Lillian Moller Gilbreth
Born: May 24, 1878 in Oakland, CA
Died: January 2, 1972 in Phoenix, AZ
Doctor of Philosophy (1915), Brown University, Psychology
M.A. (1902), University of California at Berkeley, English Literature
B.A. (1900), University of California at Berkeley, English Literature

First woman to graduate from the University of California at Berkeley with honors

1904 Married Frank Gilbreth

1924 Frank Gilbreth's death left Lillian sole provider for their 12 children

Asked by President Hoover to join the Emergency Committee for Unemployment during the Great Depression

Created the nationwide "Share the Work" program in order to create new jobs

1935 Professor of Management at Purdue University

Military consultant to the government during World War II

Lillian Gilbreth is best known for her contributions to industrial organizational psychology and ergonomics. Some of her household inventions include the foot-pedal trashcan and refrigerator door-shelves.
Twenty honorary degrees
1921 First female member of the Society of Industrial Engineers
Chair of the American Society of Mechanical Engineers Management division
Society of Industrial Engineers First Gilbreth Medal for Distinguished Contributions to Management
1944 Society of Mechanical Engineers and the American Management Association Gantt Gold Medal
1952 Declared by J.W. McKenney "The World's Greatest Woman Engineer"
1966 First woman to receive the Hoover Medal for Distinguished Public Service by an Engineer
Only psychologist to ever appear on a United States postage stamp

Key Words: I/O psychology, ergonomics, industrial engineering, Psychology of Management, "Share the Work," productivity efficiency, Frank Gilbreth
Gilbreth Web Links

Eleanor Jack Gibson
Born: December 7, 1910 in Peoria, IL
Died: 2002 in South Carolina
Doctor of Philosophy (1938), Yale University, Psychology
M.A. (1933), Smith College, Psychology
B.A. (1931), Smith College, Psychology

1940 Assistant Professor at Smith College

1949 Research Associate at Cornell University

1965 Professor of Psychology at Cornell University

Professor Emeritus at Cornell University

Eleanor Gibson is best known for her contributions to perception and perceptual development.
1968 American Psychological Association Distinguished Scientific Contribution Award for perceptual development
1969 Century Psychology Prize for
"Principles of Perceptual Learning and Development"
1971 Second female psychologist elected to the National Academy of Sciences
1972 Susan Linn Sage Professor of Psychology from Cornell University
1992 National Medal of Science
President of the Eastern Psychological Association
Numerous honorary degrees from academic institutions such as the University of New York at Albany, Smith College, the University of South Carolina, and Rutgers University

Key Words: "visual cliff," perceptual development, developmental psychology
Gibson Web Links

Florence Laura Goodenough
Born: August 6, 1886 in Honesdale, PA
Died: April 4, 1959 in FL
Doctor of Psychology (1924), Stanford University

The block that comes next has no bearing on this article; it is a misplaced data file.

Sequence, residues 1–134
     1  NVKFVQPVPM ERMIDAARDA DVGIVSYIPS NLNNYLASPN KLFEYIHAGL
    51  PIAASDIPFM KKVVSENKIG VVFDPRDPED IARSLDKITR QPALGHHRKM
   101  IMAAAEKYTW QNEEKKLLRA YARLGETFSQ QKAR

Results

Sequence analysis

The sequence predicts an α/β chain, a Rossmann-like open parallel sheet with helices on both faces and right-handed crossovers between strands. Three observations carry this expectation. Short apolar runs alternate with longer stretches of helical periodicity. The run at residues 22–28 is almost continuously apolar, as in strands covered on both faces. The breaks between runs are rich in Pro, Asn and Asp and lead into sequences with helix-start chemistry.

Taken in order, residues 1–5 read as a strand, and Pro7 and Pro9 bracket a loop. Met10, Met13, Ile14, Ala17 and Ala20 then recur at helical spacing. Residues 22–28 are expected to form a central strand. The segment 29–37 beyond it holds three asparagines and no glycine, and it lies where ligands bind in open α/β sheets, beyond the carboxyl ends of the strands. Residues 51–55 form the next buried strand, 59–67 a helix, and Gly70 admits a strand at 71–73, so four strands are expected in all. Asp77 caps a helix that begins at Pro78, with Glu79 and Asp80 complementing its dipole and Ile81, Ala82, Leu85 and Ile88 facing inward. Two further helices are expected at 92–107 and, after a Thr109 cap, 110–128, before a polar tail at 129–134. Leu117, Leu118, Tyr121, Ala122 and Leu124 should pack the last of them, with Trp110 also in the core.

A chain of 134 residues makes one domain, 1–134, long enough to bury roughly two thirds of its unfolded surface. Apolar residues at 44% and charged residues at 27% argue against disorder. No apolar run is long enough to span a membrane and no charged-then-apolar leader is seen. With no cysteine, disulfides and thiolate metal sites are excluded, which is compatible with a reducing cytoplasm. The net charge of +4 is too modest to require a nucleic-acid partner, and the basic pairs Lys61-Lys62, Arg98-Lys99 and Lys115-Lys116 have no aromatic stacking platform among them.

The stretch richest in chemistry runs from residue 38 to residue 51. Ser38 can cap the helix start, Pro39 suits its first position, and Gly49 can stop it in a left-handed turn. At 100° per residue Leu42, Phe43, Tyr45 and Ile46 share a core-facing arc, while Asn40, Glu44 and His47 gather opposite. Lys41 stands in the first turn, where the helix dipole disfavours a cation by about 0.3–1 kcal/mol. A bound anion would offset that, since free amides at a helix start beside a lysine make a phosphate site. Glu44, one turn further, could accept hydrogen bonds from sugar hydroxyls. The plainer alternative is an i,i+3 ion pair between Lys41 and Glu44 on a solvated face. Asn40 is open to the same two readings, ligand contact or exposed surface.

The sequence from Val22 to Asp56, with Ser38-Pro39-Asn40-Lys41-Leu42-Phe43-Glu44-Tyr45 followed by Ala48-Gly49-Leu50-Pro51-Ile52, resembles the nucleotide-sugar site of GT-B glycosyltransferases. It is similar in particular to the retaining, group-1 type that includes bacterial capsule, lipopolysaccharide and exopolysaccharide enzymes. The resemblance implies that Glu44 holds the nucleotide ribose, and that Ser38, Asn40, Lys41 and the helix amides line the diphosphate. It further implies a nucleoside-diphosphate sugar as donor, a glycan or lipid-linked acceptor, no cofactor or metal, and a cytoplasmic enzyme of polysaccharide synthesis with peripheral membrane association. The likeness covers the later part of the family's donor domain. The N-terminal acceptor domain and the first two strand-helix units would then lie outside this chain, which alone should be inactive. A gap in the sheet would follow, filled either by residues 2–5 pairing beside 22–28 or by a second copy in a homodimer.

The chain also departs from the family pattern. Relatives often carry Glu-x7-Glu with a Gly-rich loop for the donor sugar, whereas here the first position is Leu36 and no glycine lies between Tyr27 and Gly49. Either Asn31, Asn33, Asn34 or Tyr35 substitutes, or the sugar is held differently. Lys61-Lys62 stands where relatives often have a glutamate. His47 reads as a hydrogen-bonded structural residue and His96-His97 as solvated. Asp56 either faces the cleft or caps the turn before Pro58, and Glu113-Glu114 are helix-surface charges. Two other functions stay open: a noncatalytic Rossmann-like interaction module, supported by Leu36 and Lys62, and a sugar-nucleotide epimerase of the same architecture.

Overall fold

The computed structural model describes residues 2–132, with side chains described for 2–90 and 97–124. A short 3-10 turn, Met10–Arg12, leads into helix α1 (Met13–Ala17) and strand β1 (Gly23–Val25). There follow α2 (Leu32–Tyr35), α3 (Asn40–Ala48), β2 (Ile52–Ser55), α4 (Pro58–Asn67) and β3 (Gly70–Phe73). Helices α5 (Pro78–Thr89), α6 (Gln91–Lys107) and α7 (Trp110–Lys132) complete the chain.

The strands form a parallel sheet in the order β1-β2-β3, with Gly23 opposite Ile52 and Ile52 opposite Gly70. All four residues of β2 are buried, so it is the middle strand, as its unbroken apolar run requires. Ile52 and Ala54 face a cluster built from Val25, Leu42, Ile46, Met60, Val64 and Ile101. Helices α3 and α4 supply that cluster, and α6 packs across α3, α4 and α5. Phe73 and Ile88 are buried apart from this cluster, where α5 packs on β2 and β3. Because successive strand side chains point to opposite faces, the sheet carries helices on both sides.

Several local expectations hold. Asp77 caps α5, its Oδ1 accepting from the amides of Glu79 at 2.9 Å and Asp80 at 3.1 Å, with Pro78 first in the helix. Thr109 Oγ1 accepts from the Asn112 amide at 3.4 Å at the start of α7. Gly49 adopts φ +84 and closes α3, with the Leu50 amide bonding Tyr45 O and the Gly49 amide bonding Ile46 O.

M.A. (1921), Columbia University
B.S. (1920), Columbia University
B.Pd. (1908), Pennsylvania Normal School, Pedagogy

Studied under Leta Stetter Hollingworth at Columbia University

1920 Director of research at the Rutherford and Perth Amboy New Jersey public schools (school psychologist)

1921 Worked with Lewis Terman at Stanford University while Terman developed the Stanford-Binet intelligence test

1924 Worked at the Minneapolis Child Guidance Clinic

1925 Listed as a contributor to Terman's book Genetic Studies of Genius

1925 Assistant Professor at the University of Minnesota

1931 Professor at the University of Minnesota

1947 Professor Emeritus at the University of Minnesota

Instructed Ruth Howard, the first African-American female to receive a Ph.D. in psychology

Florence Goodenough is best known for her contributions to psychological testing and measurement. She was among the first to criticize the Intelligence Quotient (IQ) and to document the effects of environment on intelligence.
President of the National Counsel of Women Psychologists
1946 President of the Society for Research in Child Development
Listed in the Watson Directory of Outstanding Contributors to Psychology

Key Words: intelligence testing, Draw-a-Man test, Draw-a-Woman test, Minnesota Preschool Scale, time sampling, event sampling, nature vs. nurture
Goodenough Web Links

Jacqueline Jarrett Goodnow
Born: November 25, 1924 in Queensland, Australia
Doctor of Philosophy (1951), Radcliffe College, Psychology
B.A. (1944), University of Sydney

1951 Honorary appointment at the University of Hong Kong

1956 Research scientist at the Walter Reed Army Institute of Hong Kong

1962 Research Associate and lecturer at George Washington University

1966 Professor at George Washington University

1972 Senior lecturer and Associate Professor at the School of Education at Macquarie University in Sydney, Australia

1976 Professor of psychology at the School of Behavioral Sciences in Macquarie University

Professor Emeritus at Macquarie University

Jacqueline Goodnow is best known for her contributions to cognitive development and the effects of learning, social, and cultural factors on cognitive psychology.
1989 American Psychological Association G. Stanley Hall Award for Distinguished Contributions to Developmental Psychology
1997 Society for Research in Child Development Award for Distinguished Scientific Contributions to Child Development
Honorary Doctor of Science from Macquarie University

Key Words: cognitive development, concept formation, social psychology
Goodnow Web Links